44 Infrastructure mode: Saving Power
STA indicates power management mode is on to AP and waking interval STA goes to sleep (turns off radio) STA wakes later; Listens for traffic conditions (e.g., first 10ms of the beacon interval) STA may request buffered frames AP sends buffered frames Steps 2-5 repeat

45 Power Savings: Basic Principle
Whenever a wireless node has noting to send or receive it should fall asleep: turn off the MAC processor, the base-band processor, and RF amplifier to save energy Easy in an infrastructure wireless network APs responsible for timing synchronization (through beacons)

46 1. STA indicates Most frames include power-management (PM) bit
PM=1 means STA is sleeping STA indicates Listen Interval; length of its naps (in beacon intervals) Tradeoffs: Larger listen interval requires more AP memory for buffering Interactivity issues

47 Infrastructure Mode 2. Check for waiting traffic
Station wakes to listen for a beacon, which includes the Traffic-Indication Map (TIM) TIM is 2,007-bit-long map; TIM[j]=1 means that station with Associated ID=j has traffic buffered

48 Infrastructure Mode 3. Get buffered traffic
Station sends Power-Saving-Poll to indicate that it is awake and listening AP sends buffered packets Station stays awake until it has retrieved all buffered packets

49 Frame Control Field Indicates if the device is sleeping
AP indicates that there are more data available and is addressed to a dozing station

50 Wireless Network Topologies
Wireless network topologies can be controlled by Data rate Channel allocation Transmission power Carrier sense threshold Directional antennas, cognitive intelligent radios Node placement

51 IEEE802.11 Bitrate Adaptation
When a sender misses 2 consecutive ACK Drops sending rate by changing modulation or channel coding method When 10 ACKs are received successfully  Transmission rate is upgraded to the next higher data rate

52 IEEE 802.11 Rate Adaptation IEEE802.11b 11, 5.5, 2, 1 Mbps IEEE802.11a
IEEE802.11g 802.11b rates a rates

53 Throughput Degradation due to Rate Adaptation
Example Some hosts may be far way from their AP so that the quality of their radio transmission is low Current IEEE clients degrade the bit rate from the nominal 11Mbps to 5.5, 2, 1Mbps  Such degradation also penalizes fast hosts and privileges the slow one

54 Throughput Degradation due to Rate Adaptation - Intuition
Every node gets the same chance to access the network When a node grabs the medium, it can send the same sized packet (regardless of its rate) So fast and slow senders will both experience low throughput CSMA/CA: Basic channel access method guarantees the long-term channel access probability to be equal among all hosts When one host captures the channel for a long time, because its bit rate is low, it penalizes other hosts that use the higher rate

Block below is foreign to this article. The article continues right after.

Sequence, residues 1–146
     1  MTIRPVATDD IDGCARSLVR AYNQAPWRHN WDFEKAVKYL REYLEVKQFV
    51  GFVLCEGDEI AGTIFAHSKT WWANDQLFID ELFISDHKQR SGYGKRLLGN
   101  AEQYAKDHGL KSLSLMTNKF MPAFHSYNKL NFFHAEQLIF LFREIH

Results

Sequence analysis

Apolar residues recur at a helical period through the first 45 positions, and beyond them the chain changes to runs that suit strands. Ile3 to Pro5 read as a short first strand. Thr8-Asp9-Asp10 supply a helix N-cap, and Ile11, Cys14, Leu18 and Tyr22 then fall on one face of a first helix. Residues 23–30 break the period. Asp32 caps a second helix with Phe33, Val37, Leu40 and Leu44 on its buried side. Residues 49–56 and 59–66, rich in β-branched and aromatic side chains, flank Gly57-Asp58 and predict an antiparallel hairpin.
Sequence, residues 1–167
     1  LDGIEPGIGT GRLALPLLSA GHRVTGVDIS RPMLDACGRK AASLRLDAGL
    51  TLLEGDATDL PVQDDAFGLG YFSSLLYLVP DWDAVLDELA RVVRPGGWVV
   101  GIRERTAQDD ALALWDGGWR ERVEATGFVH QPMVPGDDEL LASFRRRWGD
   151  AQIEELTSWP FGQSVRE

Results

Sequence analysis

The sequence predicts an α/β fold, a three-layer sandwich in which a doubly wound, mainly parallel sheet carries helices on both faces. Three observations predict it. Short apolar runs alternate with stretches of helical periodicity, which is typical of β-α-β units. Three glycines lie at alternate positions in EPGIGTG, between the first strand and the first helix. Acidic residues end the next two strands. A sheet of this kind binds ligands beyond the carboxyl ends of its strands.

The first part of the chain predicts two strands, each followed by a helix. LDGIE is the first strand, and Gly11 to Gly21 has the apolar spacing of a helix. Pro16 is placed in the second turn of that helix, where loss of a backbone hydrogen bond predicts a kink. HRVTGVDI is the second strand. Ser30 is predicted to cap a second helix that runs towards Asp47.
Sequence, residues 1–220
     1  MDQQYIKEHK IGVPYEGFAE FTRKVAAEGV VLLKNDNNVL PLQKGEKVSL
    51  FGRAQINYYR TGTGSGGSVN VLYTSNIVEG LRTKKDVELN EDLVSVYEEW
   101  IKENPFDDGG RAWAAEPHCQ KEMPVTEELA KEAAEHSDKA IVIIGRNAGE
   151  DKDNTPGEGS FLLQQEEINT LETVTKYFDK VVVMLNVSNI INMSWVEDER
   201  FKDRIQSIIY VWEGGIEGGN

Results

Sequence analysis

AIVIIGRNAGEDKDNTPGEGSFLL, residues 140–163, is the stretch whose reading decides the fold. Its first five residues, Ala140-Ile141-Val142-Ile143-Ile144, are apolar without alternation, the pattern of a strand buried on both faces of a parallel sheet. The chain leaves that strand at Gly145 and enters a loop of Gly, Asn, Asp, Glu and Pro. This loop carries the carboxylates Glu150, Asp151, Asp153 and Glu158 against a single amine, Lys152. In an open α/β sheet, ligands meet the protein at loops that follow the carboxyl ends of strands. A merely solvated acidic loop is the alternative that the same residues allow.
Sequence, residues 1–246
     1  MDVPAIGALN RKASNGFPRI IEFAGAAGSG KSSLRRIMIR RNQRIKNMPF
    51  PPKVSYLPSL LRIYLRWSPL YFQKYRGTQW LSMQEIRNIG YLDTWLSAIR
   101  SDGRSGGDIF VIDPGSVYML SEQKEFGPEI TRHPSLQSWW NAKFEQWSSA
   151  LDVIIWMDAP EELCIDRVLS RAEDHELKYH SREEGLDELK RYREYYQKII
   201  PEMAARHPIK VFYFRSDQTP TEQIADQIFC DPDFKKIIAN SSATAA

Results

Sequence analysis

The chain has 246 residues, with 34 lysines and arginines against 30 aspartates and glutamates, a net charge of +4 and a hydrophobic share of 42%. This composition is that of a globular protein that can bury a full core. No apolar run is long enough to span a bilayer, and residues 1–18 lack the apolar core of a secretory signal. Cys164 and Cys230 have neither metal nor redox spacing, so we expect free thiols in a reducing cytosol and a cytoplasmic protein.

55 Example N nodes transmitting at 11 Mb/s 1 node transmitting at 1 Mb/s
 All the node only transmit at a bitrate < 1 Mbps !

56 Single Host in IEEE802.11 (baseline case)
Assume no propagation times Overall transmission time is composed of the transmission time a constant overhead 11Mbps ACK:112bits 10μs 50μs Varies according to the bit rate of the host

57 Successful transmission of a single frame

58 Useful Throughput (one host)
When host transmits at 1Mbps Long PLCP header is used and tpr=192μs When a host transmits at 2,5.5, 11Mbps  Tpr=96μs (short PLCP header) For bit rates > 1Mbps & frame size =1500B (MPDU 1534B)  Proportion p of the useful throughput Maximum useful throughput when single host sends long frames over 11Mbps radio channel

59 Extending the network Multiple hosts attempting to transmit:
The channel may be sensed busy & hosts enter collision avoidance phase: A host executes the exponential backoff algorithm It waits for a random interval distributed uniformly between [0,CW]*SLOT CWmin=31, CWmax=1023, SLOT=20μs The host that chooses the smallest interval, starts transmitting The others hold counting down until the transmission is over Each time a host collides: it doubles CW up to CWmax

60 Useful Throughput ( > 1 host)
As the number of hosts attempting to access the channel   the overall frame transmission time  Difficult to derive the analytical form Accounts for the time spent in contention procedures Useful Throughput P(N) = ttr / T(N)

61 Useful Throughput (>1 host)
Consider that: The host always sense a busy channel when they attempt to transmit The number of transmissions that are subject to multiple successive collisions is negligible Proportion of collisions experienced for each packet successfully acknowledged at the MAC One iteration of the backoff algorithm Slot duration

62 Approximation of the Probability of Collision
Assume there are N hosts in total that attempt to transmit simultaneously Probability a certain host A to collide with another host (e.g., B): 1/CWmin not collide with another host (e.g., B): 1-1/CWmin not collide with any other host: (1-1/CWmin) * (1-1/CWmin) * …* (1-1/CWmin) collide with another host:

63 average time spent in collisions R: high transmission rate (11Mbps), r: low transmission rate (5.5, 2, 1Mbps) sd: frame length, T{f,s}: transmission time of (fast, slow) host X{f,s}: throughput

64 Duration of collision time (tjam)
Depends on the type of hosts involved in the collision The probability Ps of having a packet sent at the lower rate involved in the collision can be computed as: the ratio between the number of host pairs that contain the slow host and the total number of pairs that can be formed in the set of all hosts: Ps = (N-1)/ (N*(N-1)/2) = 2/N  Tjam = 2/N * Ts + (1-2/N)* Tf